The BQ is finished (Mario Dumont wants them to dissolve so the four elected MPs can sit as independents) but the Parti Québecois will win the next provincial election as a counterweight to the absence of a Québec nationalist presence in Ottawa. This election result is bad news for Canada. First, this is the first time since Confederation that Québec is not part of a majority government; second, the right is in the ROC, the left is in Québec, a clear picture of the stark differences in core values; and, third, the pent-up anger against French-speaking Canadians in Ontario and the West is ready to blow and may be hard to contain (the bashing of official bilingualism has already begun on Sun TV). If Harper is not careful, we could end up with a much stronger separatist movement in Québec than we had when the Bloc was in Ottawa.

Can we be certain that's not what he wants? Can you imagine Harper leading or even lending his voice to the Non campaign? Jesus, I shudder to think.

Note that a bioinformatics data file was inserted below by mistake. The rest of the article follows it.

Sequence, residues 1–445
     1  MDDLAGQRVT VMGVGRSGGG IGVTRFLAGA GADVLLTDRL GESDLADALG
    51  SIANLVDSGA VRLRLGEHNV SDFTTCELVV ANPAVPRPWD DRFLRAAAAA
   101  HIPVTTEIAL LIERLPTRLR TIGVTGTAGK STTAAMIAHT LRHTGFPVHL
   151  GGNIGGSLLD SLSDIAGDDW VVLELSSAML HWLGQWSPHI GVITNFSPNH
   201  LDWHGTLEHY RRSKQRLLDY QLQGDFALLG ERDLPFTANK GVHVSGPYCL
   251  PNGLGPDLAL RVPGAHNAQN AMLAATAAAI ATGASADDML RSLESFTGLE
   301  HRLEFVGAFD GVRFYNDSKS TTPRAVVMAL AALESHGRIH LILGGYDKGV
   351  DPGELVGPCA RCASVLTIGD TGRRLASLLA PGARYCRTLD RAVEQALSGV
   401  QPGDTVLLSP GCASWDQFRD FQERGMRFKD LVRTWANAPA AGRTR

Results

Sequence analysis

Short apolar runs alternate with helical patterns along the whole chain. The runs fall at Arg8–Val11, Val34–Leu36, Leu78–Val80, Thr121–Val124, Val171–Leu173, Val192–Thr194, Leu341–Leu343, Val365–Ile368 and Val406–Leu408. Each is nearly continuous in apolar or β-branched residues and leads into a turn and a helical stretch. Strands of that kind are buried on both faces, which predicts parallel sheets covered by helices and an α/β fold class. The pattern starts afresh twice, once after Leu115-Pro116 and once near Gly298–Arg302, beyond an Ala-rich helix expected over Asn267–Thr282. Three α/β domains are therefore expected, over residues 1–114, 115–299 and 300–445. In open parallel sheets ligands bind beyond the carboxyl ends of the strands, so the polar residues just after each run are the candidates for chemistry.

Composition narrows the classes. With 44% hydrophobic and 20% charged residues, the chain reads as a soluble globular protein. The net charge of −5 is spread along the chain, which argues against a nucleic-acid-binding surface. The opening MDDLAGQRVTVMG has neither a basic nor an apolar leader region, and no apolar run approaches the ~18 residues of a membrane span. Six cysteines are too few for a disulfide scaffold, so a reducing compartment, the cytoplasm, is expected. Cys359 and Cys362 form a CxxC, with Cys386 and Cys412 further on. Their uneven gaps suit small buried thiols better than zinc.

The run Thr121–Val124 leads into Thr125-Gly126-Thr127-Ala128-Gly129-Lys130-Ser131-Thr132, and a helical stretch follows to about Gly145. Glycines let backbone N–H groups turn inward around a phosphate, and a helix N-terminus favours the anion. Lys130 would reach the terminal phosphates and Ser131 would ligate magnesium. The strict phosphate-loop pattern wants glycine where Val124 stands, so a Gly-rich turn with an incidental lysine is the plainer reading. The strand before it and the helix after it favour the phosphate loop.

Quebec is all that's keeping Canada on life support. Harper may be happy to pull the plug. We know what his base thinks of Quebec. "Get lost!" is a polite summation.

mike 1791

I agree. The call for a new Québec nation is already being heard and the appeal to the english-speaking and immigrant community has already begun. I heard an anglo friend say it was an intriguing thought to be part of creating a truly modern country where everyone, no matter where they come from, as long as they agree to live and work in French, can be pure laine - part of the founding people. The statue in the St.Lawrence will read:

"Give me your feminists, anti patriarchy, no-logo anti-racists, your gays, lesbians and transgendered, your egalitarians, environmentalists and byciclists, your atheists, unionists and socialists, and pot-smoking partiers, your swingers, anarchist performance artists, anti-materialist, anti-corporatist masses, all yearning to breathe free, send these, the wretched refuse of post-modern evangelical capitalism to me, I lift my lamp beside the golden shore." Well. it needs work but it will be a lot better in French.